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Refugees Go Home Zairian Exodus Comes As U.N. Approves Multinational Force

Sat., Nov. 16, 1996

With their children at their feet and their belongings on their back, with hope in their hearts and terror in their past, as many as 400,000 half-starved people formed a river of refugees 10 miles long flooding the road Friday to Rwanda.

Freed from the iron-fisted grip of their own tribesmen, the refugees crossed the border at Goma into Rwanda at the rate of 10,000 an hour - nearly 170 a minute.

More than 30,000 had crossed the border into Rwanda by nightfall, the U.N. High Commission for Refugees (UNHCR) reported. Some were being bused home Friday night by the UNHCR.

Balancing meager belongings on their heads, carrying babies on their backs, waves of refugees moved slowly and steadily in a 25-mile column from eastern Zaire to Rwanda.

The refugees, however, still faced the dangers of disease and violence. Cholera has appeared in some refugee camps, 30 women and children were massacred Thursday and some refugees feared Tutsi retaliation once they return home.

The tide of refugees took the world by surprise, but it may work to the advantage of an international military force, including 4,000 U.S. soldiers, being set up to save the refugees.

The U.N. Security Council on Friday unanimously approved the Canadian-led multinational force of 10,000 to 12,000 troops to help aid the refugees in central Africa. The force received a four-month mandate.

“Despite the heartening news that up to a third of the Rwandan refugees in Zaire may finally be going home, people will continue to die in eastern Zaire in appalling numbers and their presence there will continue to destabilize the region,” Canadian Ambassador Robert Fowler told the 15-member council in appealing for passage of the resolution.

Although the biggest U.N. camp in Zaire was emptying, an estimated half-million Rwandan refugees further south in Zaire remain cut off from food aid.

As the Mugunga refugees poured back into Rwanda on Friday, President Pasteur Bizimungu was there at the border to greet them.

“This is a historic moment for Rwanda,” Bizimungu told cheering refugees as he stood on a pickup truck. “You are our brothers.”

Bizimungu told The Associated Press that the exodus meant the multinational force was no longer necessary. “The need for military intervention is over,” he said.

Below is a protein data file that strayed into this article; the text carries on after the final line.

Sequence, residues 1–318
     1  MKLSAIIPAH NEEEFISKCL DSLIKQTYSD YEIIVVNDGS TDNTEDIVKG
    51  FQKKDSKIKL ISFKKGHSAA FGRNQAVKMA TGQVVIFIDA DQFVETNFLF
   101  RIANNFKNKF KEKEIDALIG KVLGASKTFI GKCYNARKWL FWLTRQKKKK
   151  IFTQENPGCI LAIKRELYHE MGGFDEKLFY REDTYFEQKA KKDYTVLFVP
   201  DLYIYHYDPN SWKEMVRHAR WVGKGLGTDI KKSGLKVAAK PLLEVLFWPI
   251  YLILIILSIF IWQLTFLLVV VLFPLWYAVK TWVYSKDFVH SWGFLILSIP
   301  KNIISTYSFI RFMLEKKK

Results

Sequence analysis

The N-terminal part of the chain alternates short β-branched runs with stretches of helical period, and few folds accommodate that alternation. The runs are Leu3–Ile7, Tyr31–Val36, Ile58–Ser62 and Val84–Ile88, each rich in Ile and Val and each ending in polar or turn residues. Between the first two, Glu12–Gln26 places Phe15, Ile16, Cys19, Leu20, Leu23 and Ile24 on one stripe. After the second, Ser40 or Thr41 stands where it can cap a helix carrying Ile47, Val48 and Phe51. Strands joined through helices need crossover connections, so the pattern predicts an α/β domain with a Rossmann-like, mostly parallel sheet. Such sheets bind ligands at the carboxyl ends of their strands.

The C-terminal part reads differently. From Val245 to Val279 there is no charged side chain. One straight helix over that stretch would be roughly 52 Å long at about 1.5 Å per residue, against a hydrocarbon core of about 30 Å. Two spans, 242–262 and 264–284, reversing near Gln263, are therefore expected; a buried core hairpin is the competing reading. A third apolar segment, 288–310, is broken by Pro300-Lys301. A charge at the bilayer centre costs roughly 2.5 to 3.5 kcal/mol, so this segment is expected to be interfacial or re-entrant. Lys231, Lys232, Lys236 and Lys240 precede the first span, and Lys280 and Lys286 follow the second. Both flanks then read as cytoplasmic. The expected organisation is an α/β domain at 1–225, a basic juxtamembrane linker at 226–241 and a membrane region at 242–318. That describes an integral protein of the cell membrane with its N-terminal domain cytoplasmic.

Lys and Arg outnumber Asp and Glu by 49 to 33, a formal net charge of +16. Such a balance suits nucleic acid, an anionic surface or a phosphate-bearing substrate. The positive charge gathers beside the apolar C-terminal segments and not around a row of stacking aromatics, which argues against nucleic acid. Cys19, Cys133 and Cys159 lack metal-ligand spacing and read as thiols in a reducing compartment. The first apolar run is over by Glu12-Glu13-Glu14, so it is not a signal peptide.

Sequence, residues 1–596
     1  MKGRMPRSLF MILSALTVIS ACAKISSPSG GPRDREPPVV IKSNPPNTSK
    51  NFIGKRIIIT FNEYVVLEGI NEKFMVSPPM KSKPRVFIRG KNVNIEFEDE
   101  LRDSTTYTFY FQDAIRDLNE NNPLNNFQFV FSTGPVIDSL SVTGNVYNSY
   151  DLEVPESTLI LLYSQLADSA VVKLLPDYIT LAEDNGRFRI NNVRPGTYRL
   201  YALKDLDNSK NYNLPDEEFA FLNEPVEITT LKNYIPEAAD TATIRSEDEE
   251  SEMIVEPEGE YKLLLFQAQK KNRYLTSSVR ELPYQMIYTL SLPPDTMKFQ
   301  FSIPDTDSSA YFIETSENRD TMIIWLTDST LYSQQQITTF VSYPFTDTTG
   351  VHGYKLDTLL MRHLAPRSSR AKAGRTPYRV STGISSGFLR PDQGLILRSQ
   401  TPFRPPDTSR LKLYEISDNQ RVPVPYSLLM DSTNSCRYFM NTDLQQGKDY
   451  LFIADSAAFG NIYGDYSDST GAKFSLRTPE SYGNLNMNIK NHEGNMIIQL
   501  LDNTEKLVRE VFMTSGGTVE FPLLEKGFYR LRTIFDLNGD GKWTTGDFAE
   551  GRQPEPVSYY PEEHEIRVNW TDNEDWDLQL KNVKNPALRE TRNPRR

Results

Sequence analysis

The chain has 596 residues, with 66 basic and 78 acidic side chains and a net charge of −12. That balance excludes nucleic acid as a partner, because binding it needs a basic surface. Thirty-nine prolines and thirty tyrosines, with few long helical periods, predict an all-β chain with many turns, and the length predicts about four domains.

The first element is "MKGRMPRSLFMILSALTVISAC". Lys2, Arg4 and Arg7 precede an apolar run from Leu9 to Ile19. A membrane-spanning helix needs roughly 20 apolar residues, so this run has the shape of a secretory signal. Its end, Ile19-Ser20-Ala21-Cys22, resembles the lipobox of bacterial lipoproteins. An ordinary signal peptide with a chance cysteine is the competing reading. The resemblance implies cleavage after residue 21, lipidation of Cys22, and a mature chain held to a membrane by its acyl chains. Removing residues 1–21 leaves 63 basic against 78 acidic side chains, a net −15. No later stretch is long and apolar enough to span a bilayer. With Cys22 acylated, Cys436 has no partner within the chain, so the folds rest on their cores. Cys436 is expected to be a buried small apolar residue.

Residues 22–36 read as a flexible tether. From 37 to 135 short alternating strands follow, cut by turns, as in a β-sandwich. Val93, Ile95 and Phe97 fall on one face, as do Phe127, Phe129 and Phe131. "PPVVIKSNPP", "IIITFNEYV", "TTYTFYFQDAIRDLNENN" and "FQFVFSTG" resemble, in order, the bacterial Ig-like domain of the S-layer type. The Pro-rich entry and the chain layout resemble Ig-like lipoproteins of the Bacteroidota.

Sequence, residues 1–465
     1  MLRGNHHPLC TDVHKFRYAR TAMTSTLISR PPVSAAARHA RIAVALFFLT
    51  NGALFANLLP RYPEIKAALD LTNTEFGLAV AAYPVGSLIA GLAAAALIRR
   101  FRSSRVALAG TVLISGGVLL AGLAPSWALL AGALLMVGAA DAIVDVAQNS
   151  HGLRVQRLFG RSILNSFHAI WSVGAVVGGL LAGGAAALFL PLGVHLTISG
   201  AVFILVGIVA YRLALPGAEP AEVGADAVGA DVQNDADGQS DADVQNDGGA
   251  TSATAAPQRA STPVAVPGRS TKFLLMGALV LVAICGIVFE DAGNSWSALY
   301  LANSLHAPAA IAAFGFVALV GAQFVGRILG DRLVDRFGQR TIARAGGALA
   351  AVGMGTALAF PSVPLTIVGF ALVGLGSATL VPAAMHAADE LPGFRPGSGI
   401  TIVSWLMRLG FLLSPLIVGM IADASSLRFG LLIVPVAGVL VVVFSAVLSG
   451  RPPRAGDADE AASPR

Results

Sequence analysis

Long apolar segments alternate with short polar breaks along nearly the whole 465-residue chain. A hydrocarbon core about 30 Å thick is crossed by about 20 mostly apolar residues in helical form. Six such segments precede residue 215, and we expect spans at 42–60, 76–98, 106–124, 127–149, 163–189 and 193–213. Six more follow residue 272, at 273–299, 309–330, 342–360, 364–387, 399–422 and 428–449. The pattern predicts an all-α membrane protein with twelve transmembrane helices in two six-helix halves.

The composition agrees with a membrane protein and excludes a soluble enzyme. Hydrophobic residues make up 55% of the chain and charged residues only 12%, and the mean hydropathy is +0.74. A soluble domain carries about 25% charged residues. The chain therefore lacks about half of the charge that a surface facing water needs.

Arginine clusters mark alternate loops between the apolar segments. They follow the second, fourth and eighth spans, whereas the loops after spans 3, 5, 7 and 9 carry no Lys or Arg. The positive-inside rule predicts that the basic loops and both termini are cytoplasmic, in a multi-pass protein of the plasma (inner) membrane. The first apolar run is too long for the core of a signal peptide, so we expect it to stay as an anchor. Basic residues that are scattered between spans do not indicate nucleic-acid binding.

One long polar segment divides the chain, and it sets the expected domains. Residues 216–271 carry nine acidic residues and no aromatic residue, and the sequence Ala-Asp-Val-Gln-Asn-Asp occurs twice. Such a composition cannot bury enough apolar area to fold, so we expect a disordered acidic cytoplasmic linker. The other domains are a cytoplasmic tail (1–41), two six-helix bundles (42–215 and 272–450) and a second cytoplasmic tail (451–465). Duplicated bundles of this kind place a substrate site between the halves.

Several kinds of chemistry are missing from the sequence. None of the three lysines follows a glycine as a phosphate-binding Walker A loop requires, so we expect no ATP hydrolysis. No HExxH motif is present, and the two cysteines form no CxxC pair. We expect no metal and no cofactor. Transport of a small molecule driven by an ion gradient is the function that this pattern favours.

Speaking in Washington, President Clinton added: “We have some very good preliminary news that the refugees will be able to go back to Rwanda and it will work out better than we thought.”

Rwanda insisted Friday on an airlift of supplies only to its territory, saying it no longer supported an international mission in Zaire. The U.S. Embassy in Kigali, Rwanda, told the State Department that the Zaire mission should be reconsidered in light of Rwanda’s opposition.

The Rwandan refugee homecoming was orderly and peaceful, in contrast to the desperate crush in Gisenyi 2-1/2 years ago when more than 1 million Hutus fled Rwanda, fearful that the Tutsi army would take revenge on them for the slayings of a half-million Tutsis in Rwanda.

They have been living a precarious existence in U.N. camps. Fearful of returning home, their lives have been controlled by armed Hutu militias.

Hutu militia fired over the refugees’ heads to stop them from leaving the Mugunga camp on Friday, but their sheer numbers overwhelmed the gunmen.

“I’ve had enough. I just want to go home, straight home,” said Joseph Segatare, a frail, 56-year-old refugee.

Hungry and exhausted but generally healthy, the refugees were registered and searched for weapons at the border crossing between the Zairian city of Goma and Giseyni. They were given high-protein biscuits and taken to nearby U.N. transit camps, which filled up quickly.

“They are an unstoppable wave crashing up against the Rwandan border,” said Ray Wilkinson, a U.N. refugee spokesman in Goma. “What two years ago we called the road of death now could be the road of hope.”

Since they swarmed into eastern Zaire in 1994, the refugees and the armed Hutu extremists lurking among them have been a major source of instability.

They have cost the international community $1 million a day in aid to some 40 sprawling camps that the militias have used as bases for border raids against Rwanda.

When the Hutu militias joined the Zairian army in persecuting local Tutsis last month, they provoked an uprising that has driven government troops from a swath of eastern Zaire.

The Mugunga camp had been controlled by Hutu militia, who intimidated the refugees with threats, violence and assertions that they would be killed by the Rwandan government if they returned home. Their hold over the refugees apparently was shattered by a battlefield defeat Thursday by Banyamulenge, rival Tutsi fighters who have long lived in Zaire and bitterly oppose the Zairian government.

The militias retreated west, further into the forests of Zaire’s interior, and tried to force the refugees to follow them - but this time the people voted with their feet.


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